2022 ICD-10-CM Code F43.1

Post-traumatic stress disorder (PTSD)

Version 2021

Not Valid for Submission

ICD-10:F43.1
Short Description:Post-traumatic stress disorder (PTSD)
Long Description:Post-traumatic stress disorder (PTSD)

Code Classification

  • Mental and behavioural disorders (F00–F99)
    • Anxiety, dissociative, stress-related, somatoform and other nonpsychotic mental disorders (F40-F48)
      • Reaction to severe stress, and adjustment disorders (F43)

F43.1 is a non-specific and non-billable diagnosis code code, consider using a code with a higher level of specificity for a diagnosis of post-traumatic stress disorder (ptsd). The code is not specific and is NOT valid for the year 2022 for the submission of HIPAA-covered transactions. Category or Header define the heading of a category of codes that may be further subdivided by the use of 4th, 5th, 6th or 7th characters.

Specific Coding for Post-traumatic stress disorder (PTSD)

Non-specific codes like F43.1 require more digits to indicate the appropriate level of specificity. Consider using any of the following ICD-10 codes with a higher level of specificity when coding for post-traumatic stress disorder (ptsd):

  • BILLABLE CODE - Use F43.10 for Post-traumatic stress disorder, unspecified
  • BILLABLE CODE - Use F43.11 for Post-traumatic stress disorder, acute
  • BILLABLE CODE - Use F43.12 for Post-traumatic stress disorder, chronic

Tabular List of Diseases and Injuries

The Tabular List of Diseases and Injuries is a list of ICD-10 codes, organized "head to toe" into chapters and sections with coding notes and guidance for inclusions, exclusions, descriptions and more. The following references are applicable to the code F43.1:


Inclusion Terms

Inclusion Terms
These terms are the conditions for which that code is to be used. The terms may be synonyms of the code title, or, in the case of "other specified" codes, the terms are a list of the various conditions assigned to that code. The inclusion terms are not necessarily exhaustive. Additional terms found only in the Alphabetic Index may also be assigned to a code.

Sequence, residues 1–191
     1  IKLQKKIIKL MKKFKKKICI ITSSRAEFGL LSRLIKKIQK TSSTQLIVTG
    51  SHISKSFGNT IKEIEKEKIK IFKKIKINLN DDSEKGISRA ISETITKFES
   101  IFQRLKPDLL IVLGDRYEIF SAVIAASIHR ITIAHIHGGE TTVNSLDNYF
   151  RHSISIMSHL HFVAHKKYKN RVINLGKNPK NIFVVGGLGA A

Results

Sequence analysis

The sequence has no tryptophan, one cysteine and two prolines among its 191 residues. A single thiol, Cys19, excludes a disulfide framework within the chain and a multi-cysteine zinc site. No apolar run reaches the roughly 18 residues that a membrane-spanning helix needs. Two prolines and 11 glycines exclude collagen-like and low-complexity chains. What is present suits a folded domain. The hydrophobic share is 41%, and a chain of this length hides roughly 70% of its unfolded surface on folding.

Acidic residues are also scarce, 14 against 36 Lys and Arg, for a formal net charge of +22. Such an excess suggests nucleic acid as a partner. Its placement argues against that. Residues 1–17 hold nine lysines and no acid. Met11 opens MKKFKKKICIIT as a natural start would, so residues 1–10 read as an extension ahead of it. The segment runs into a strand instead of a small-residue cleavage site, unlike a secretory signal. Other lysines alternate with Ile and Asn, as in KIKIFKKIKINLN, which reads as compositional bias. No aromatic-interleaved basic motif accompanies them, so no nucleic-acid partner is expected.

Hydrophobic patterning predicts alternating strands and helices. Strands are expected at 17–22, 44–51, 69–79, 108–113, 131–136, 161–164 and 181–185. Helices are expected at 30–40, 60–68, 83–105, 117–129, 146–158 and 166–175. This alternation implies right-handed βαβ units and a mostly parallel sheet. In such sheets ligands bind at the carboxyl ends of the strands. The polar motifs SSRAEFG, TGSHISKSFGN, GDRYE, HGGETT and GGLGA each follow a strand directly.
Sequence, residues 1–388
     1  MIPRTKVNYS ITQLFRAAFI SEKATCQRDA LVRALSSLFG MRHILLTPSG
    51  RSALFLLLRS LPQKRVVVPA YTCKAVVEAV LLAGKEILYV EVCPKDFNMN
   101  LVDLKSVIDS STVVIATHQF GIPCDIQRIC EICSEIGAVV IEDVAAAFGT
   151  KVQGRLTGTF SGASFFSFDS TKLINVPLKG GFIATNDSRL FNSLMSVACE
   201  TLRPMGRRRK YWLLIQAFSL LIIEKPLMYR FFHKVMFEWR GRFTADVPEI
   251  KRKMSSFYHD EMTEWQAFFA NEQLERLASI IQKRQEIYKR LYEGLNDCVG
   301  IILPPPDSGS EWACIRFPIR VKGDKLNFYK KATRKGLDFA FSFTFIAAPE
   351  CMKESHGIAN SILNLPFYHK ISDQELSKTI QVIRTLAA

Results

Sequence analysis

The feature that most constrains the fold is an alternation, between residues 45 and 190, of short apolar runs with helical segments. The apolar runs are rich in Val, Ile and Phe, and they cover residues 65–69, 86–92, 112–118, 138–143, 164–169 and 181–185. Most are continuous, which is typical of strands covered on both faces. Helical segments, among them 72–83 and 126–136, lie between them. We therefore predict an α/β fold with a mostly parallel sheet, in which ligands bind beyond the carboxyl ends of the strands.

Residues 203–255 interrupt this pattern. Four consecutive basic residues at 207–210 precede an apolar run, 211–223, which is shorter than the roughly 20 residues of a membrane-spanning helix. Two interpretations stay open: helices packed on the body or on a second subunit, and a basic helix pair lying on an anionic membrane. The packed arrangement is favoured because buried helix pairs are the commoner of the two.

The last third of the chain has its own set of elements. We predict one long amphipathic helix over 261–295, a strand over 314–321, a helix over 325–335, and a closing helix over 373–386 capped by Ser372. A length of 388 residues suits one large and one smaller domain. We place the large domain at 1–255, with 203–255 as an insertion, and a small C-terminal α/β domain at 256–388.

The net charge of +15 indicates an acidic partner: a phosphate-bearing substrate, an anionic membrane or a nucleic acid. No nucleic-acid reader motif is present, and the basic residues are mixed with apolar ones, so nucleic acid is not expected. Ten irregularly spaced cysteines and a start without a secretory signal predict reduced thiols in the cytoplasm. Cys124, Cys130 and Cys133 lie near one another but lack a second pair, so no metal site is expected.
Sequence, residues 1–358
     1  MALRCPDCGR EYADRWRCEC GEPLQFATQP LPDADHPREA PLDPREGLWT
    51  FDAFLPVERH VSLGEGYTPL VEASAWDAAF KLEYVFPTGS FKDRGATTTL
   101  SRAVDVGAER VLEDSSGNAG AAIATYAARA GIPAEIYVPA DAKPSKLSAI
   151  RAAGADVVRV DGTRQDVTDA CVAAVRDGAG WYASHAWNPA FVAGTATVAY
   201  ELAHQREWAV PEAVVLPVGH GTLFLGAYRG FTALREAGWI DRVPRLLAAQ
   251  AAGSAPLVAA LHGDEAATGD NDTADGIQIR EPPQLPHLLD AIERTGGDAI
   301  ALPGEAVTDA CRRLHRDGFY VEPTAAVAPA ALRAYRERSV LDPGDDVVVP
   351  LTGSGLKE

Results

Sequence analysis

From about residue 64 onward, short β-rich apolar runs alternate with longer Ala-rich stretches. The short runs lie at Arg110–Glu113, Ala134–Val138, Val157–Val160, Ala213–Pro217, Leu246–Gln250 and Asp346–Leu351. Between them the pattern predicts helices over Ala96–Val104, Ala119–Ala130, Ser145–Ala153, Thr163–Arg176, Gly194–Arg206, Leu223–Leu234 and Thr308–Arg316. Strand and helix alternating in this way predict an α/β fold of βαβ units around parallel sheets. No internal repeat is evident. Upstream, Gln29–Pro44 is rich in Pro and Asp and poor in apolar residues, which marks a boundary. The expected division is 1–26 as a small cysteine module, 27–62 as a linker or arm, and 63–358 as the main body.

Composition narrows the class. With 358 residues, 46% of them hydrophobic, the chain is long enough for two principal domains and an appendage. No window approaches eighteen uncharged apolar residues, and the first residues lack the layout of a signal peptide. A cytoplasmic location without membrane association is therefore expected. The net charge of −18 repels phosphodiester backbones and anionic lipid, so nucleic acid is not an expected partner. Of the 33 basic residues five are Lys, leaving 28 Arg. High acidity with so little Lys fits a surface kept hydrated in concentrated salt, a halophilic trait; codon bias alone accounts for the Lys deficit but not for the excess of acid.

Clinical Information

Information for Patients


Post-Traumatic Stress Disorder

What is post-traumatic stress disorder (PTSD)?

Post-traumatic stress disorder (PTSD) is a mental health disorder that some people develop after they experience or see a traumatic event. The traumatic event may be life-threatening, such as combat, a natural disaster, a car accident, or sexual assault. But sometimes the event is not necessarily a dangerous one. For example, the sudden, unexpected death of a loved one can also cause PTSD.

It's normal to feel afraid during and after a traumatic situation. The fear triggers a "fight-or-flight" response. This is your body's way of helping to protect itself from possible harm. It causes changes in your body such as the release of certain hormones and increases in alertness, blood pressure, heart rate, and breathing.

In time, most people recover from this naturally. But people with PTSD don't feel better. They feel stressed and frightened long after the trauma is over. In some cases, the PTSD symptoms may start later on. They might also come and go over time.

What causes post-traumatic stress disorder (PTSD)?

Researchers don't know why some people get PTSD and others don't. Genetics, neurobiology, risk factors, and personal factors may affect whether you get PTSD after a traumatic event.

Who is at risk for post-traumatic stress disorder (PTSD)?

You can develop PTSD at any age. Many risk factors play a part in whether you will develop PTSD. They include

What are the symptoms of post-traumatic stress disorder (PTSD)?

There are four types of PTSD symptoms, but they may not be the same for everyone. Each person experiences symptoms in their own way. The types are

The symptoms usually start soon after the traumatic event. But sometimes they may not appear until months or years later. They also may come and go over many years.

If your symptoms last longer than four weeks, cause you great distress, or interfere with your work or home life, you might have PTSD.

How is post-traumatic stress disorder (PTSD) diagnosed?

A health care provider who has experience helping people with mental illnesses can diagnose PTSD. The provider will do a mental health screening and may also do a physical exam. To get a diagnosis of PTSD, you must have all of these symptoms for at least one month:

What are the treatments for post-traumatic stress disorder (PTSD)?

The main treatments for PTSD are talk therapy, medicines, or both. PTSD affects people differently, so a treatment that works for one person may not work for another. If you have PTSD, you need to work with a mental health professional to find the best treatment for your symptoms.

Can post-traumatic stress disorder (PTSD) be prevented?

There are certain factors that can help reduce the risk of developing PTSD. These are known as resilience factors, and they include

Researchers are studying the importance of the resilience and risk factors for PTSD. They are also studying how genetics and neurobiology can affect the risk of PTSD. With more research, someday it may be possible to predict who is likely to develop PTSD. This could also help in finding ways to prevent it.

NIH: National Institute of Mental Health


[Learn More in MedlinePlus]

Code History

  • FY 2021 - No Change, effective from 10/1/2020 through 9/30/2021
  • FY 2020 - No Change, effective from 10/1/2019 through 9/30/2020
  • FY 2019 - No Change, effective from 10/1/2018 through 9/30/2019
  • FY 2018 - No Change, effective from 10/1/2017 through 9/30/2018
  • FY 2017 - No Change, effective from 10/1/2016 through 9/30/2017
  • FY 2016 - New Code, effective from 10/1/2015 through 9/30/2016 (First year ICD-10-CM implemented into the HIPAA code set)